Today, I added a print to my collection. A print which was made in 1738. Not bad, a couple of small tears – repaired but nice overall. It was engraved by J. Cole (1715-1774) after a picture by John Lens. I, firstly, give you the complete image which will be followed by several images of smaller sections of this engraving.
This print is of #WeldonRomanVilla mosaic floor from the year 340 AD. The site of the villa and its’ floor were partially excavated in 1738 and then again in 1954. Nothing of it can be seen now-a-days. The overall image is the centre top while all the others are expanded insets of various parts of the buildings floor. I also show an image of the Weldon villa floor plan which I have borrowed from british-history.ac.uk. The scale under the main image informs me that the length of the main floor would be roughly 90 feet. This would make the long lower inset some 40 feet. Although my image is in black and white the floor most likely would have been very colourful and the long hall itself quite impressive.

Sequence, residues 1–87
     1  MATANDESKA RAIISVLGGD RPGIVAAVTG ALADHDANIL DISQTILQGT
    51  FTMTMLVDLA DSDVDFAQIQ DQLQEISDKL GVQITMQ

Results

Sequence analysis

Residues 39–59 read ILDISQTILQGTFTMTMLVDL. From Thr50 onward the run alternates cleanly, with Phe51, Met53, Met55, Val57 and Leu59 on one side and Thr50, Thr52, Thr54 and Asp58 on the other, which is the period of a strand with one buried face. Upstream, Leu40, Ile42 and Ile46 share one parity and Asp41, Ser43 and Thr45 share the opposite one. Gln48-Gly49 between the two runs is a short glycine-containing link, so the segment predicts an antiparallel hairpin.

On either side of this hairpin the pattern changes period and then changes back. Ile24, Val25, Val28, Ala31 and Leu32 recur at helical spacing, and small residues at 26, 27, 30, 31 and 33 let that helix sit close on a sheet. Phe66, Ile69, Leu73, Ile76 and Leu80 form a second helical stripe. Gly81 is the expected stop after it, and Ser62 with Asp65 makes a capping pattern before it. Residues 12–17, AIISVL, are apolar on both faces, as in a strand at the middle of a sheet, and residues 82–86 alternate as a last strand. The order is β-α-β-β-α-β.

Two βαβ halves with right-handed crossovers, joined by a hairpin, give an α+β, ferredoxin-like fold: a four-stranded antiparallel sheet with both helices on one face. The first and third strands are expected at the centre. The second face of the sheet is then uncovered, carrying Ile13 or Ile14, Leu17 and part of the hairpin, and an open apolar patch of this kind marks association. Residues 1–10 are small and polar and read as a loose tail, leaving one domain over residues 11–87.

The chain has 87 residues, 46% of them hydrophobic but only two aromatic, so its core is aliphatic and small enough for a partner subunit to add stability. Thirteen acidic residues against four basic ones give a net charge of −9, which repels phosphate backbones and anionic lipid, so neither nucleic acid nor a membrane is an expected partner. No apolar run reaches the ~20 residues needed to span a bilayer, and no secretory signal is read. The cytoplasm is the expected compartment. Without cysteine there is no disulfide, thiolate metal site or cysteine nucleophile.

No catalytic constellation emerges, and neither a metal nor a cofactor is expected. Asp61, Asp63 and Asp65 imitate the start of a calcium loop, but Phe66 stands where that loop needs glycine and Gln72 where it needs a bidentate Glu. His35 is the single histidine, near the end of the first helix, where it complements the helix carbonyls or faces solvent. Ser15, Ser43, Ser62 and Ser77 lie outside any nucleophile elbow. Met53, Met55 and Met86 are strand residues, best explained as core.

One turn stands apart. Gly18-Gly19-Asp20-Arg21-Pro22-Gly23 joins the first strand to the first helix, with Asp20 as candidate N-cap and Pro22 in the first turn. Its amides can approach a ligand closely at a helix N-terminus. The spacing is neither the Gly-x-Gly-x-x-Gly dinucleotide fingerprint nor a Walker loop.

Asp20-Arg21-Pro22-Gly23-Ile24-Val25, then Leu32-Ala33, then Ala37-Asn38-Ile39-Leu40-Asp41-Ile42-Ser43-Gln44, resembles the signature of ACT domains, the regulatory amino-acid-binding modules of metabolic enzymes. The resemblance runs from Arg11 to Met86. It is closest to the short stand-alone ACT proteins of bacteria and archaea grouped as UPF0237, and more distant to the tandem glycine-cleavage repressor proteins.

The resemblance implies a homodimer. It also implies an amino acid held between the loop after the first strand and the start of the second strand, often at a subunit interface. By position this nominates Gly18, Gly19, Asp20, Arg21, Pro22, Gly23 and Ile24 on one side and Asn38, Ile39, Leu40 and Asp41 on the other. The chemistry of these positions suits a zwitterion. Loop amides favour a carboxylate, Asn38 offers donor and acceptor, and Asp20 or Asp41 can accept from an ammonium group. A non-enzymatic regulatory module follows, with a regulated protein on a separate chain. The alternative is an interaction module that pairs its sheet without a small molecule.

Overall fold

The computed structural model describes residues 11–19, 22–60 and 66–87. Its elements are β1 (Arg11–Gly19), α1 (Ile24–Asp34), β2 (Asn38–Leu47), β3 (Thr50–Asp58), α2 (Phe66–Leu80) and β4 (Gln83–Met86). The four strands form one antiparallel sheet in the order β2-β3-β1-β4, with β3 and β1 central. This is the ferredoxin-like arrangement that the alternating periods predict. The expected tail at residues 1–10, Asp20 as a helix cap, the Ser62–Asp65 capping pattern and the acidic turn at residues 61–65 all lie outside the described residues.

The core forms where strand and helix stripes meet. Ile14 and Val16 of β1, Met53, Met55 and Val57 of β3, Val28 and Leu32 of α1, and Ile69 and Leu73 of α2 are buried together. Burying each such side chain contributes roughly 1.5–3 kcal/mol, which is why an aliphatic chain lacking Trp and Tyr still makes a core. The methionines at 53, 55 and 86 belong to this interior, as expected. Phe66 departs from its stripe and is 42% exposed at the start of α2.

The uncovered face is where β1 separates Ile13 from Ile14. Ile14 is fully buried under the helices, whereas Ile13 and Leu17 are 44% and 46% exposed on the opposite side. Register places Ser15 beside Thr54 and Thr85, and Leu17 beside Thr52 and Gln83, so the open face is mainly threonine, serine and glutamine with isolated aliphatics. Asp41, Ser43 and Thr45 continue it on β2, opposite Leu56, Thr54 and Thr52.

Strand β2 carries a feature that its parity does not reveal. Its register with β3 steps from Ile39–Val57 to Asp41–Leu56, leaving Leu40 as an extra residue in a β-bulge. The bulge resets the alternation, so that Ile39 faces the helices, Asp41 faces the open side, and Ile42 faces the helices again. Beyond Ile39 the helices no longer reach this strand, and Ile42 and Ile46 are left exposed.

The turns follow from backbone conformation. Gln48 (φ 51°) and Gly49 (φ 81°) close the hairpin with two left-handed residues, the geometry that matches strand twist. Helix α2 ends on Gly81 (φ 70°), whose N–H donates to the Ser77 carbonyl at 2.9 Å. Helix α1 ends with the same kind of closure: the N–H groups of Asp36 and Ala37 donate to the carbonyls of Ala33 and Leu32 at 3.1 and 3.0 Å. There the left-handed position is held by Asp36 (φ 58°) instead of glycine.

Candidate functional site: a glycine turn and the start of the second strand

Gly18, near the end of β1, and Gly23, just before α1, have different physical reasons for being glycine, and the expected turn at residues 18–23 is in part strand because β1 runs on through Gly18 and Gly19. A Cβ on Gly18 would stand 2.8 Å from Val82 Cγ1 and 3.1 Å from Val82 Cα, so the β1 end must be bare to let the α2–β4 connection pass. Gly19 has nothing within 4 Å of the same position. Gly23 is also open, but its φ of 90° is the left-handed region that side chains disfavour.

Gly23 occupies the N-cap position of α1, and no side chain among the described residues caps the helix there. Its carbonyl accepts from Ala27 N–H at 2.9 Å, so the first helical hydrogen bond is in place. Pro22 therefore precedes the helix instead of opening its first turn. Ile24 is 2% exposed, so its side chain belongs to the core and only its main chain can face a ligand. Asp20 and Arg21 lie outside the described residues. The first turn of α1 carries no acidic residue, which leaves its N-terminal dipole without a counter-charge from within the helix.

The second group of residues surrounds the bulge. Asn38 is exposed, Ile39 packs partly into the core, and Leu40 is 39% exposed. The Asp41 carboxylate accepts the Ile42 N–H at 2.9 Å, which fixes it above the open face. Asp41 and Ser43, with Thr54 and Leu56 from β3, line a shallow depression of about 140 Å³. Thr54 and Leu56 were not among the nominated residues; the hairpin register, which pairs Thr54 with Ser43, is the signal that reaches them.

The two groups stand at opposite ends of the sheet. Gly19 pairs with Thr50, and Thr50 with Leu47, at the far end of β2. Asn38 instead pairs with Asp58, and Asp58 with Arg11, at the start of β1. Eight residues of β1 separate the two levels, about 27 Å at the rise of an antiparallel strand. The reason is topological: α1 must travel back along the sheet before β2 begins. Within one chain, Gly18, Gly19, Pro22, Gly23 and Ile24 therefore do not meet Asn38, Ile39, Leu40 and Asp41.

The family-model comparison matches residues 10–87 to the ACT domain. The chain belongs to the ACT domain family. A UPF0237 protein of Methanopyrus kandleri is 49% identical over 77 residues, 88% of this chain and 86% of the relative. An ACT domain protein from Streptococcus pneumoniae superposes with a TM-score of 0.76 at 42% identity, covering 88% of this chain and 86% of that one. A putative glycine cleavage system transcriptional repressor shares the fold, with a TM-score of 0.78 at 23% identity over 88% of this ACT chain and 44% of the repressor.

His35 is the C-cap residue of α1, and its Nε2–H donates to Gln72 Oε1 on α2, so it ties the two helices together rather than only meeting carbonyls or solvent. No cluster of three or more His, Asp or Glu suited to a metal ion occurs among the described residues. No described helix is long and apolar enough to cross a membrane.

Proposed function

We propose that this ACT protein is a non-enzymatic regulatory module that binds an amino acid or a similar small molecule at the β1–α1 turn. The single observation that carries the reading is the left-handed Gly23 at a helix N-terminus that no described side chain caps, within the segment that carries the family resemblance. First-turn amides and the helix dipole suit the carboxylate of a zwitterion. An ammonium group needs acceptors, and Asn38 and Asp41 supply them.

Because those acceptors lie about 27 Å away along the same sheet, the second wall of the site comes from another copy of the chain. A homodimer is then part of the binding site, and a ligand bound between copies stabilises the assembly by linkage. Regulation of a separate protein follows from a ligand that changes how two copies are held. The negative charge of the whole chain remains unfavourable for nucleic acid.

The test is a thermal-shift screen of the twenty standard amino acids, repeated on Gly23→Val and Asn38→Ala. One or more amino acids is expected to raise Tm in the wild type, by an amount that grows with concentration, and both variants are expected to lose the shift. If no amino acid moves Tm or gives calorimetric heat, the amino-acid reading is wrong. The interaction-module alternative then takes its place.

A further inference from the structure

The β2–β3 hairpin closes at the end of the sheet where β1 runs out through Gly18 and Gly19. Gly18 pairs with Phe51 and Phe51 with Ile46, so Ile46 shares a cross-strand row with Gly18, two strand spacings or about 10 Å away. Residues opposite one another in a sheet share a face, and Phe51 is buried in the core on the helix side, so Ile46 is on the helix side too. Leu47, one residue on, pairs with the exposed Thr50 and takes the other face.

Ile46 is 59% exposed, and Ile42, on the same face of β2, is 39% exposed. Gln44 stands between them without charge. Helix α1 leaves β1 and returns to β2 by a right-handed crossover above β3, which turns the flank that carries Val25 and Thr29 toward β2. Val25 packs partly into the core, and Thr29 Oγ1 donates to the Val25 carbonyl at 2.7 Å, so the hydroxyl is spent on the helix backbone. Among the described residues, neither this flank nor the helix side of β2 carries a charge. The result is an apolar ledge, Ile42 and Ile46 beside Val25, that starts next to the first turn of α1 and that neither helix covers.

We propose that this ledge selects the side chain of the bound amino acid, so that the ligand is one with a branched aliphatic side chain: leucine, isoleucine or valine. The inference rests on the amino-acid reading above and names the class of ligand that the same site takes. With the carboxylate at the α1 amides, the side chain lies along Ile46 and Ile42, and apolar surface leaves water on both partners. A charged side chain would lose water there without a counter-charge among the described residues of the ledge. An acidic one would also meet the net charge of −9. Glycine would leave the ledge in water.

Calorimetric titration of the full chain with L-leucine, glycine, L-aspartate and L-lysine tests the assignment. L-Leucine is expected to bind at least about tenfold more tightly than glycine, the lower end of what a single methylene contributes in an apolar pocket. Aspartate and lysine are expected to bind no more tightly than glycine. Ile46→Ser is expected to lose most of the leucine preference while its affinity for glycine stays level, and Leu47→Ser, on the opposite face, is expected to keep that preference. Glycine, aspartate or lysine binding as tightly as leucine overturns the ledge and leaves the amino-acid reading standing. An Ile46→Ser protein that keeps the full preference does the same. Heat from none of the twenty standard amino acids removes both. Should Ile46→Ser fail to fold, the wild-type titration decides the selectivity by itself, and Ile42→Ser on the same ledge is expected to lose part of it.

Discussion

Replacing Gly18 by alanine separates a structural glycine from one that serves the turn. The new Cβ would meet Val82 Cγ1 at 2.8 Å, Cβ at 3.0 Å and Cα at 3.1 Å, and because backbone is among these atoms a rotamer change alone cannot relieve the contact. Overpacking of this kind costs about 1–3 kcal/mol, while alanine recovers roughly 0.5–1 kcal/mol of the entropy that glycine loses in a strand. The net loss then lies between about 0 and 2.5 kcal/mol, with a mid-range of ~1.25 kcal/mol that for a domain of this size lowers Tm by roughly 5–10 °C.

For those of you who are Latin experts, I would appreciate an accurate translation of the following two images.
These two written descriptions name George II as king and also name Gulielmus Vicecomes Hatton (Viscount (Christopher) William Hatton). Christopher Hatton, the 2nd Baron Hatton of Kirby, was created Viscount Hatton of Gretton in 1682. The title was inherited by his eldest son and then by his youngest son. The title became extinct in 1762.
The following image is of the ‘Coat of Arms’ at the centre bottom. It is of course the crest of the #Hatton family. The translation of the Latin is ‘Virtue is the safest helmet’.
And to finish off a couple close ups of the insets. A stunning and impressive floor, I do hope that it exists still but I do not know.